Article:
Face Challenges Confidently

414 Moore v. Noble Energy, Inc.

Tuesday, September 1st, 2015


Richard F. Brown

The following is not a legal opinion.  You should consult your attorney if the case may be of significance to you.
Moore v. Noble Energy, Inc., 374 S.W.3d 644 (Tex. App.—Amarillo 2012, no pet.), held that a reservation clause that reserved to Grantor “a one-half non-participating royalty interest (one-half of one-eighth of production)” was not ambiguous and reserved a fractional royalty in the amount of a one-sixteenth royalty interest to the Grantor.  In 1955, by warranty deed J. C. Moore conveyed to the Veterans’ Land Board 160 acres, reserving to himself “a one-half non-participating royalty interest (one-half of one-eighth of production) . . . .”  At the time of the conveyance, the property was not subject to a mineral lease.  In 2003, Noble Energy, Inc., as lessee, leased the property for a 3/16 royalty.  The successors of J. C. Moore (“the Moores”) claimed that that the reservation was ambiguous, and could reasonably be “construed to reserve a royalty of one-half the royalty retained by the lessor in a future lease.”  The successors to the Veterans’ Land Board and Noble Energy, Inc. (“Noble”) claimed that the deed unambiguously reserved a fixed 1/16th royalty interest.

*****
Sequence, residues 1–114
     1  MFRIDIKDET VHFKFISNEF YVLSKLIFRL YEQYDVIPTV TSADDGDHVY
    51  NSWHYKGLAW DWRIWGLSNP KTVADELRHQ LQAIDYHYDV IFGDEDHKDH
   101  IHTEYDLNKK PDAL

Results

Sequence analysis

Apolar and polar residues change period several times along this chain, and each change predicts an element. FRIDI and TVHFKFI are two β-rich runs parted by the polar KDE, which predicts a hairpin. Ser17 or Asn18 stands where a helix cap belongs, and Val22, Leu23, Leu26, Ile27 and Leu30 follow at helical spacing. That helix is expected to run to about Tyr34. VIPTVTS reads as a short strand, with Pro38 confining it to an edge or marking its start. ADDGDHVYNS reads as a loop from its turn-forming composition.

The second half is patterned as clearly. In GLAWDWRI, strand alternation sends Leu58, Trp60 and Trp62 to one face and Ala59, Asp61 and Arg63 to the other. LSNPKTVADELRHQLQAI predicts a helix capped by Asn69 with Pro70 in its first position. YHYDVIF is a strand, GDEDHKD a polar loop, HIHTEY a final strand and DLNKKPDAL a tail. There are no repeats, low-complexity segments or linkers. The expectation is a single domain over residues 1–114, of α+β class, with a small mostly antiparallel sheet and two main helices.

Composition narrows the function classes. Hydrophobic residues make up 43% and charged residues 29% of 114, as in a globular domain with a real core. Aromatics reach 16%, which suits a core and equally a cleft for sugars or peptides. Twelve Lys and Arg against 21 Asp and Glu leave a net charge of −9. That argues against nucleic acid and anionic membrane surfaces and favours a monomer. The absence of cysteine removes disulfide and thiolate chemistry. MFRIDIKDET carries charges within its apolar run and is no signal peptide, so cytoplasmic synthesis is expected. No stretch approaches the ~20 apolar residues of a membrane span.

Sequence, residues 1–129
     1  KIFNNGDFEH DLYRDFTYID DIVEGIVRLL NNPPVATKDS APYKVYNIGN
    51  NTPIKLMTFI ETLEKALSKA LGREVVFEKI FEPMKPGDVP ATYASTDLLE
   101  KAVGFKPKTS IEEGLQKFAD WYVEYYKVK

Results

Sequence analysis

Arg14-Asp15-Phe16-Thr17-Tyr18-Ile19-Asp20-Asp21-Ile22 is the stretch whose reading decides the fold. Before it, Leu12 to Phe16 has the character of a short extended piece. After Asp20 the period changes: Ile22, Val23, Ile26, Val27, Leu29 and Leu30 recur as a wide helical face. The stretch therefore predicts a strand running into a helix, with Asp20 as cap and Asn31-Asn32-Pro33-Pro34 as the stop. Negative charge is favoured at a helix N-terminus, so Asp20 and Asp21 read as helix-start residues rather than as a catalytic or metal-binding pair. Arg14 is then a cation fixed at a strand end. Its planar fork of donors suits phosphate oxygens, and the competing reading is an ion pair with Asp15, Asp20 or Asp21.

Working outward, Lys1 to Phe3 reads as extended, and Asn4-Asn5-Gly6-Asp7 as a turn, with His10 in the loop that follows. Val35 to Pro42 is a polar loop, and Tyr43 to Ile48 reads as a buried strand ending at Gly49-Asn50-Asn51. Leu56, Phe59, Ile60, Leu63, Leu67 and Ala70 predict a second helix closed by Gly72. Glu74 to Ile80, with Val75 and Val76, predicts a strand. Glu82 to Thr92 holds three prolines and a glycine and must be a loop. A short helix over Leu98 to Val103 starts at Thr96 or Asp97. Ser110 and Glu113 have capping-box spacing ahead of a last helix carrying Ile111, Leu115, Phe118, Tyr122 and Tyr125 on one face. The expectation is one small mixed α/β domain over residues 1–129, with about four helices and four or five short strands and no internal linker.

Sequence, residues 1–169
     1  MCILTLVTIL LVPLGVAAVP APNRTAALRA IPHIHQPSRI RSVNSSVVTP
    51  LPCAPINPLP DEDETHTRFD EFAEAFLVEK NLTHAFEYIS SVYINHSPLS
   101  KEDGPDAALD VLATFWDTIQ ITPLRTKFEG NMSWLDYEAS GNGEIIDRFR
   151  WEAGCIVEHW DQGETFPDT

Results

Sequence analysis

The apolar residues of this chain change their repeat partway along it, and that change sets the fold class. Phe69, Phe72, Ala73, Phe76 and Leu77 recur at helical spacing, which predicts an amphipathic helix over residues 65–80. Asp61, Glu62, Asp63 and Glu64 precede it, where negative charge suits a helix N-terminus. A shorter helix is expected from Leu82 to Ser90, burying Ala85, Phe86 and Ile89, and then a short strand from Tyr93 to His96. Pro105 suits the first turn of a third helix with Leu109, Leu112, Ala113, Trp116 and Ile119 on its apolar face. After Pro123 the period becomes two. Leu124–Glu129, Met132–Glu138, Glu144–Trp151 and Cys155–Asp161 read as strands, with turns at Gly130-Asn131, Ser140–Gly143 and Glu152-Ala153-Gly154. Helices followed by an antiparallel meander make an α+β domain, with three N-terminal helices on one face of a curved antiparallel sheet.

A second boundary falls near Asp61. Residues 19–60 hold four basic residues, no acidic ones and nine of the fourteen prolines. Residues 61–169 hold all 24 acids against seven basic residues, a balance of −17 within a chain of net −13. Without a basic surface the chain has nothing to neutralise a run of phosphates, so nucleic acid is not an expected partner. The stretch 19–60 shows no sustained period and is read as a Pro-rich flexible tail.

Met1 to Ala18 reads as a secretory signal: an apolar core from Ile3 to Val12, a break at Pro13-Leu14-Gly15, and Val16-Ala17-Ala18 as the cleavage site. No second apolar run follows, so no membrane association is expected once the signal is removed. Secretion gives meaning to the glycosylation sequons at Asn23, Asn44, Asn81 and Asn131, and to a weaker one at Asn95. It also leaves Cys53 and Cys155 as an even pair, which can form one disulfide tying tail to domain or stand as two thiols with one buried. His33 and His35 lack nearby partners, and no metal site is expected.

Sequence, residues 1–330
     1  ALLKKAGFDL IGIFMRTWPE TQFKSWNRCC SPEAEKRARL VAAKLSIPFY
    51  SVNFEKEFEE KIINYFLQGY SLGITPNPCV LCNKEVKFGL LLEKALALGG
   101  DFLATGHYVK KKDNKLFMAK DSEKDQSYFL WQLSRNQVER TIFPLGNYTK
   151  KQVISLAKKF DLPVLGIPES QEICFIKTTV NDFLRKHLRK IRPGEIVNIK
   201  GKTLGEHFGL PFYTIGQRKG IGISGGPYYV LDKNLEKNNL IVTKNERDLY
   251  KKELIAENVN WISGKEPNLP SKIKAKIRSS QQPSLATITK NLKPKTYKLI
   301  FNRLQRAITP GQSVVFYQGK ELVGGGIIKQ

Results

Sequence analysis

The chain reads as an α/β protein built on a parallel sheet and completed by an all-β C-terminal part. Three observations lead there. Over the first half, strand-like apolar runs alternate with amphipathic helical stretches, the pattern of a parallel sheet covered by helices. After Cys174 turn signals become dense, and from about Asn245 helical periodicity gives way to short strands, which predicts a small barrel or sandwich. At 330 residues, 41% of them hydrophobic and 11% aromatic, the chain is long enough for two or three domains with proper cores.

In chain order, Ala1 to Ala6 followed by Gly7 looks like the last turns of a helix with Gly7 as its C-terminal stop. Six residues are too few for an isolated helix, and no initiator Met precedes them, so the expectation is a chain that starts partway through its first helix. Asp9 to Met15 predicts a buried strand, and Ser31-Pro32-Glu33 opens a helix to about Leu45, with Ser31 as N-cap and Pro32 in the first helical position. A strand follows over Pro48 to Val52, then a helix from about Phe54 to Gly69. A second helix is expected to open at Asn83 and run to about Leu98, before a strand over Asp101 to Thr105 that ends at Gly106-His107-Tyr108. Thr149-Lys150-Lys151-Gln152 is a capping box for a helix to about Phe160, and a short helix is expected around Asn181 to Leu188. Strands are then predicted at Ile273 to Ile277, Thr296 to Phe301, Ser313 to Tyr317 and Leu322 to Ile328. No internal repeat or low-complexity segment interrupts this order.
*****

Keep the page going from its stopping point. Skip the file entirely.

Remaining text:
The opinion begins with a prologue explaining that the court is responsible for deciding whether an instrument is ambiguous.  In order to answer this question of law, the court must examine “the instrument as a whole” to determine the “intent of the parties from the four corners of the deed.”  Applied to the 1955 deed, the court had to determine “whether the reservation was subject to more than one reasonable interpretation and thus ambiguous.”
The court distinguished between a “fraction of royalty,” whose “owner is entitled to a share of mineral production equal to the stated fraction times the royalty retained in the lease,” and a “fractional royalty,” whose owner “is entitled to the stated fraction of gross production, unaffected by the royalty reserved.”  The court found that both parts of the 1955 reservation, “a one-half non-participating royalty interest” as well as “(one-half of one-eighth of production),” speak “straight-forwardly of a factional royalty.”
Although the “one-half non-participating royalty interest,” language, standing alone “would reserve to the grantor a fifty percent interest in the production, free of production costs,” the court found this interpretation unreasonable in light of the impracticality of such an onerous burden on future lessees.  Further, such an interpretation would ignore the parenthetical language.  The court also noted that since there was no well producing from the property at the time of the 1955 deed, the reservation could not refer to any existing royalty, making it more likely that the language intended to reserve a fixed one-sixteenth royalty interest.
The court concluded by holding the reservation could only be reasonably read to reserve a royalty of one-half of one-eighth of production, or one-sixteenth.  This case continues the four corner approach to instrument interpretation.